Excess rainfall this year changed more than just farmers’ harvest schedules—soybean cyst nematode, SCN, can move with water. It’ll be important to test field SCN levels because they might have changed drastically since last year.
“With early season flooding, before seed was even in the ground, how did the soil move?” asks Kaitlyn Bissonnette, University of Missouri Extension professor and director of SCN Diagnostics. “Where did that soil deposit? That matters because the soil could contain cysts that float and move with flooded soils.”
However, the window to pull samples is quickly closing as cold weather threatens to freeze soils.
“Even if you tough it out and pull frozen soil samples, with many soils in the Midwest when we thaw those soils and dry them out [in the lab], they turn into concrete,” says Greg Tylka, nematologist at Iowa State University and leader at the SCN Coalition. “[In that instance] we advise people to wait until spring when things warm up and soils drain naturally.”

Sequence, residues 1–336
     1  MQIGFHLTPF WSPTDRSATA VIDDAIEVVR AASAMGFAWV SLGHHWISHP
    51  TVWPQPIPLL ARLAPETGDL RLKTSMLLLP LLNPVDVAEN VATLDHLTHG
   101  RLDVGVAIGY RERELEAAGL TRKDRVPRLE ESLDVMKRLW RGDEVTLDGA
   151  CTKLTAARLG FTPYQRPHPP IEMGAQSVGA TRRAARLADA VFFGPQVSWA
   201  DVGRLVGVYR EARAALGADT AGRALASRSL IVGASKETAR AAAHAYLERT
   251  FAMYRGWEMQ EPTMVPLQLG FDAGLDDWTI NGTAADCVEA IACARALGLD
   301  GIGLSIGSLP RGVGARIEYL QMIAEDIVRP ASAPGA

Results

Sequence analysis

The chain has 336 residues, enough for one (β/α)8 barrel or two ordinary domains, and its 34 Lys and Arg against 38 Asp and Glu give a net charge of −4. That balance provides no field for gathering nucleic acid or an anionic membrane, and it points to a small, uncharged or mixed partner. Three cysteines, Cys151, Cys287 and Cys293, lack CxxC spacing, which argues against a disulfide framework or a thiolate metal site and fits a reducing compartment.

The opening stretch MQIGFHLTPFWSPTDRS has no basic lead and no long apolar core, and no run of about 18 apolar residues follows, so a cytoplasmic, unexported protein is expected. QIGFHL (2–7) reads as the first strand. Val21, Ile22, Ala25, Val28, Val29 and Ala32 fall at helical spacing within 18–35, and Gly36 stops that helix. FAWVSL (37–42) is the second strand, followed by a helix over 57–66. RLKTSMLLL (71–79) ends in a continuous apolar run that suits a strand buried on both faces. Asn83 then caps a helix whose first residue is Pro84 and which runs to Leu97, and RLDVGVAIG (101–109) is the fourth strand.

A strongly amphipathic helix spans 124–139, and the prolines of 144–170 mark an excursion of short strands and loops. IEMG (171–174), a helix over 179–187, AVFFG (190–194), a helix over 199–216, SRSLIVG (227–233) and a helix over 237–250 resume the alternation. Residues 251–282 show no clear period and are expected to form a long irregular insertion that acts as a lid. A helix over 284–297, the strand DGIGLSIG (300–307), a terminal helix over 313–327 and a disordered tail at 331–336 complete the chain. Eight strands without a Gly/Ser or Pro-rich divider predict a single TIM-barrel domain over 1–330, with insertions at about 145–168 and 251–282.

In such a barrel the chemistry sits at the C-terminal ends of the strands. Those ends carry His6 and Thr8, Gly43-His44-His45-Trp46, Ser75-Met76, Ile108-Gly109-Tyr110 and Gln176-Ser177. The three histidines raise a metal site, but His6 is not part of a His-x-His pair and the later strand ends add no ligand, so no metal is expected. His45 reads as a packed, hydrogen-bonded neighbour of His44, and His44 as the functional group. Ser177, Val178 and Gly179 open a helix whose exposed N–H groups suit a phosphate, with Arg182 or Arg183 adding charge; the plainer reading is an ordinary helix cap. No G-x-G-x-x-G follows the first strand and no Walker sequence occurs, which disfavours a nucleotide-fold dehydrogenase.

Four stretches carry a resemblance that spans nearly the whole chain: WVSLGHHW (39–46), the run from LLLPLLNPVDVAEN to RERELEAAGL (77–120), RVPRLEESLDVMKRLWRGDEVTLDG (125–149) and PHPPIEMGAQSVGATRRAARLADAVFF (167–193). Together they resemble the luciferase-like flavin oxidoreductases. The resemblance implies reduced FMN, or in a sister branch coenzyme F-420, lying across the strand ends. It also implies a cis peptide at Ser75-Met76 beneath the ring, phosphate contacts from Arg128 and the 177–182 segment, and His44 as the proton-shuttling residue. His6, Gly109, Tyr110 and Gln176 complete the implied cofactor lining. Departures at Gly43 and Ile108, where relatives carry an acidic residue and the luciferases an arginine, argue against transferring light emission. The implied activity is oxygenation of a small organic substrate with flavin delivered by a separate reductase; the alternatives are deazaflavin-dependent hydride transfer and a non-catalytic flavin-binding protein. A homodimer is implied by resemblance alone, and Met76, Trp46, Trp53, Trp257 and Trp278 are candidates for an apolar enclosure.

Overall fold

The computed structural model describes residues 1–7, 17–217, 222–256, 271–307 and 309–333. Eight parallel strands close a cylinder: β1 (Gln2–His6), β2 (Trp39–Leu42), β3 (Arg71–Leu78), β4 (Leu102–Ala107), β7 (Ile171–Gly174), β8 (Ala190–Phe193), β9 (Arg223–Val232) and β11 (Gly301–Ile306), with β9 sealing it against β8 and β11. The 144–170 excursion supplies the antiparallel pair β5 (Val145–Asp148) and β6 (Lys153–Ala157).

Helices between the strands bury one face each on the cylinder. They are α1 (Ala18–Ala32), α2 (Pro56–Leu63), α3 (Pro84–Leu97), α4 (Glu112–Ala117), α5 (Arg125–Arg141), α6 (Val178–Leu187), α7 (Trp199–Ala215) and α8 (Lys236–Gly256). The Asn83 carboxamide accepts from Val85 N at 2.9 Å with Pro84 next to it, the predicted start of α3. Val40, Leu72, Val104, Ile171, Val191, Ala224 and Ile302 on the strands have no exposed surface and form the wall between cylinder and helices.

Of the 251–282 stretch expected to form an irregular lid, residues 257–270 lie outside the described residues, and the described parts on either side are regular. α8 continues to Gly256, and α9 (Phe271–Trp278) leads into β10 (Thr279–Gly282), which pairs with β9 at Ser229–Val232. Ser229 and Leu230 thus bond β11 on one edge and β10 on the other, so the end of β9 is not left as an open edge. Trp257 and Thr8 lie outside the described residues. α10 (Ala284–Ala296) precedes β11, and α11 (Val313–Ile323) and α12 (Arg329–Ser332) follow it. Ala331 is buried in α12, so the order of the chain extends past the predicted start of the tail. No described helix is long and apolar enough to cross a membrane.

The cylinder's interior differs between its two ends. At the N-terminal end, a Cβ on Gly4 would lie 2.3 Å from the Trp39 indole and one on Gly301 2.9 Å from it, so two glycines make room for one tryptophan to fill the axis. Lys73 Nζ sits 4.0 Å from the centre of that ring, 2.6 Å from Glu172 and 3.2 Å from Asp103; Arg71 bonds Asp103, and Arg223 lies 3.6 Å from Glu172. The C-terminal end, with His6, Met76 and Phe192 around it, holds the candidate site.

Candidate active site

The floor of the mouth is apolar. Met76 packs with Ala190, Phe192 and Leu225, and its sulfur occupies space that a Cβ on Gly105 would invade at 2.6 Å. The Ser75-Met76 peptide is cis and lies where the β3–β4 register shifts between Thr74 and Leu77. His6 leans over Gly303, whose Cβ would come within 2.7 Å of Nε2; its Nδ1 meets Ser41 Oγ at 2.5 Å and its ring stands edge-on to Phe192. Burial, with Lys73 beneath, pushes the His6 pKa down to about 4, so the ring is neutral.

Knowing where SCN thrives is key to control—and why it’s critical to pull soil samples by management zone. Top of the list are sandy soils, high pH fields and low spots. SCN and sudden death syndrome (SDS) often go hand-in-hand. SCN injures the plant early, which can leave it more susceptible for the Fusarium pathogen in SDS.
SCN tests cost $1 to $2 per acre, but some state soybean checkoff programs offer cost assistance.
“The economics of testing make sense—if it’s $20 for a 20-core sample that represents 20 areas that’s $1 per acre,” Tylka says. “SCN has the potential to take 1 bu. or more per acre, so $1 is a minimal cost.”